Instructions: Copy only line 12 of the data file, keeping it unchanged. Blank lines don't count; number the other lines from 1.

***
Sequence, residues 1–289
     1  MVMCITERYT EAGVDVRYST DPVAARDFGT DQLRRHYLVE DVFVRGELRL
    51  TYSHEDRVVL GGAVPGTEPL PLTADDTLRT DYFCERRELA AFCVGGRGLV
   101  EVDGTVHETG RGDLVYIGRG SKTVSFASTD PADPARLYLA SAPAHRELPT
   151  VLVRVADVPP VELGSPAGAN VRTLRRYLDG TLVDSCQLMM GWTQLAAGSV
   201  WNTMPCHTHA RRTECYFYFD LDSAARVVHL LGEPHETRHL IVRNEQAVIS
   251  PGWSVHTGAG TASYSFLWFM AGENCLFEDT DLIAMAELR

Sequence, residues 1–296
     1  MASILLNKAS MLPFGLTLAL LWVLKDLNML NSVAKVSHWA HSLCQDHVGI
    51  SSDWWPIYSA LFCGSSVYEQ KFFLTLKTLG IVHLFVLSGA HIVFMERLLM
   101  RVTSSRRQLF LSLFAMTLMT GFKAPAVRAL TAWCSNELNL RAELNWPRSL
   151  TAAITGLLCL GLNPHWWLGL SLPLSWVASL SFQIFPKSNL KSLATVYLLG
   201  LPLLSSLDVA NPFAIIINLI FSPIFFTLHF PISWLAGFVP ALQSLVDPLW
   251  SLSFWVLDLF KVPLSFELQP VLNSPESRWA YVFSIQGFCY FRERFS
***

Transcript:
   151  TAAITGLLCL GLNPHWWLGL SLPLSWVASL SFQIFPKSNL KSLATVYLLG